A printable PDF version of this newsletter can be downloaded from HERE
Matthew Hatchwell, until recently director of conservation, Zoological Society of London.
Fleur Hall, off Gatefield Lane - 7.30pm Monday 28th October 2019
"Making the most of Faversham’s natural heritage” is what people have been doing in this landscape for thousands of years. Indeed, its natural heritage – its coastal location, surrounding landscape and underlying geology – is why the town is here at all. But what does that natural heritage consist of, how has our relationship with it changed over the centuries, how does it still benefit us today, and how can we ensure that it continues to provide benefits to our descendants in this rapidly changing world? Matthew Hatchwell will take a look at the town through the eyes of a wildlife conservationist.”
There will be a collection to support environment projects in Faversham.
Our exhibition, The Views of the Marsh, the Landscape, Flora and Fauna of the Graveney Marsh, was a great success.
We organised it to raise awareness of what beauty is to be found there. So many of us who know it only from the Graveney Road are inclined to see it as wasteland. It is far from that.
Those who visited the gallery to see the exhibition clearly enjoyed it. Lyn Powell's Music of the Marsh was the public's choice for best photograph. Jane Carle's Graveney Marshes was the public's favourite painting. Lyn and Jane both won £50 prizes.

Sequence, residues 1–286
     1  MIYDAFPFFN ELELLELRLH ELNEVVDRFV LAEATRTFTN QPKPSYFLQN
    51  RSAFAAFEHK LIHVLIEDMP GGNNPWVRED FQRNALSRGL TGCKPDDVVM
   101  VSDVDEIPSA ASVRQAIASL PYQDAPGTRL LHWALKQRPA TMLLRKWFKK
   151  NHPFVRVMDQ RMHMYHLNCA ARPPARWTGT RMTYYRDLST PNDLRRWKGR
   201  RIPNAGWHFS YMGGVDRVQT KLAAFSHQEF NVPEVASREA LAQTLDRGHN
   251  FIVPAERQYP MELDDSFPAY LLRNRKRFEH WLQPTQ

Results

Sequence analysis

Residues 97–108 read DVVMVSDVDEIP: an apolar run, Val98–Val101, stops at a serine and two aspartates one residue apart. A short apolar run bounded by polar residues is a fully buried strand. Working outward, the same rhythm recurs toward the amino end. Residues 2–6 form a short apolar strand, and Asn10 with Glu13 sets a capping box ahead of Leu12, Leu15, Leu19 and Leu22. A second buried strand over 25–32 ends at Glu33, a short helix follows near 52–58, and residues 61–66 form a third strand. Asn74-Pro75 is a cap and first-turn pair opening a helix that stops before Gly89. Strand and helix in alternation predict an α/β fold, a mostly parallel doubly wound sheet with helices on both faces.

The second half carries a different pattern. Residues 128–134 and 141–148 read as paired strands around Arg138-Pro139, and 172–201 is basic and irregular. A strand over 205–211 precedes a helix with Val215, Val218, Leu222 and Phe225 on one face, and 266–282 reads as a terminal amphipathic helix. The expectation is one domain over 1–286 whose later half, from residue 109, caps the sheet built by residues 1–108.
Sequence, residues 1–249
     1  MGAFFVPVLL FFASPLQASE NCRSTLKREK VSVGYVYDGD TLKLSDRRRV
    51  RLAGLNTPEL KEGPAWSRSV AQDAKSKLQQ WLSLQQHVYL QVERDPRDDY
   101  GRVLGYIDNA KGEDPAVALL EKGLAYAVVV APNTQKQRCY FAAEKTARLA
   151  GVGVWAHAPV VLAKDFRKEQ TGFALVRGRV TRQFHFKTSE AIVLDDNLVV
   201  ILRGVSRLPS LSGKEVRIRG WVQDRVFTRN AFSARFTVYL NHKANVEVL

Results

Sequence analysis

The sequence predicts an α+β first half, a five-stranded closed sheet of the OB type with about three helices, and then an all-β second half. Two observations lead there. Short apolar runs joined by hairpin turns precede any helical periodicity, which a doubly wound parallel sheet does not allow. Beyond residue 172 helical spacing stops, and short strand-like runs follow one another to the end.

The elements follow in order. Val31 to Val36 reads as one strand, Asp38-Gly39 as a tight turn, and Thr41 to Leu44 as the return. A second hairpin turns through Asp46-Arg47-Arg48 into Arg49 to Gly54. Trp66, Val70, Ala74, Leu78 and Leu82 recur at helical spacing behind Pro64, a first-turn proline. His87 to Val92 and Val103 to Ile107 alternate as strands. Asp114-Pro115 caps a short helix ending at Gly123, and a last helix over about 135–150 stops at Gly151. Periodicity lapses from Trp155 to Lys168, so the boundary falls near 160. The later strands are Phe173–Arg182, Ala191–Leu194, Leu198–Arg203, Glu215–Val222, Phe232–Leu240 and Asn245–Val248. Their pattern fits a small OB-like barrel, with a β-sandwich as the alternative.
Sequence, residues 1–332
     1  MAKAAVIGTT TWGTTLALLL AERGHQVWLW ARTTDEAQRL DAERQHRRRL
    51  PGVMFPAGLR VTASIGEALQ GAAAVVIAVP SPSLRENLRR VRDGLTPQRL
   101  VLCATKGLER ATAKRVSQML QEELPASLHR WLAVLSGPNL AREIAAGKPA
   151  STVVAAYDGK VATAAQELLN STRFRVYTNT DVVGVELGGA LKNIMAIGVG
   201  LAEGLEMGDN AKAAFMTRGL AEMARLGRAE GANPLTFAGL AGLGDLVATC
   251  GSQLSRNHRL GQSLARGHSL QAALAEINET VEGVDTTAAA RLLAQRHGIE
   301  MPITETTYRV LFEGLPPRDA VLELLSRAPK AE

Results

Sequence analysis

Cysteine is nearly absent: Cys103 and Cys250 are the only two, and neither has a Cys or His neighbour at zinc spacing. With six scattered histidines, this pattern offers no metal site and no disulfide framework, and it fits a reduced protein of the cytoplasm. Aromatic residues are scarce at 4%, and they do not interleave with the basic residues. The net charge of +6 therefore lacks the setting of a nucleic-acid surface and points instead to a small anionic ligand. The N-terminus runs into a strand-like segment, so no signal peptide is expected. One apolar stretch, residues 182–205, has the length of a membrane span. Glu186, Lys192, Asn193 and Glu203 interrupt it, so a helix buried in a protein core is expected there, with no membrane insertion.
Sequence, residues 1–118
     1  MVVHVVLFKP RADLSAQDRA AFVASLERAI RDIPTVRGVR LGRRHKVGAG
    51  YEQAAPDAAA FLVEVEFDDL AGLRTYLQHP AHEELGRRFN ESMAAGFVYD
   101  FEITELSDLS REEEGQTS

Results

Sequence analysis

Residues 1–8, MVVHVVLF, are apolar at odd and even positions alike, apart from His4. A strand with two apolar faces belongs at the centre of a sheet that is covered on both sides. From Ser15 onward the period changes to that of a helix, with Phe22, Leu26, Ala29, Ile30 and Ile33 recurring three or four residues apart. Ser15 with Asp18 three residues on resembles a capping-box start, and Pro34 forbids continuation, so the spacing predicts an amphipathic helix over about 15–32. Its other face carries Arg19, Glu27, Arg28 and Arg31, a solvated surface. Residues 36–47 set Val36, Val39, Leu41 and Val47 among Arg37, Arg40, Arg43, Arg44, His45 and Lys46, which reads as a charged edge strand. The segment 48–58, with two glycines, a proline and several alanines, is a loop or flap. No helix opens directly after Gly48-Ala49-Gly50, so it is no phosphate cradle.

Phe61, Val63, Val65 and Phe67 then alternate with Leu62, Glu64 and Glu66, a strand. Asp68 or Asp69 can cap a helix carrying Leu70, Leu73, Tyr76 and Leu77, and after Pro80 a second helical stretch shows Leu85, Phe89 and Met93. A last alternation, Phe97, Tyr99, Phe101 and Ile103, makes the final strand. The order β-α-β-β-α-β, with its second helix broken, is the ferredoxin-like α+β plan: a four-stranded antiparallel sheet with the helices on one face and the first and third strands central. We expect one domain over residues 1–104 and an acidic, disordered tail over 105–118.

For the first time we have placed all the paintings and photographs on the Faversham Society website www.favershamsociety.org/image-galleries.
We urgently need a volunteer or two to look after our website. It runs in WordPress which is not much different from Microsoft Word. You could work from home or come into the Fleur. Please contact me if you would like to discuss what's involved.
The Cleve Hill Examination is now at deadline No 7 on 13 November. The society will review the draft development consent order. On 30 November we should have the inspectorate's decision. If it approves, we shall have to begin to campaign. The final decision rests with the business secretary, and we may need to make our voice heard.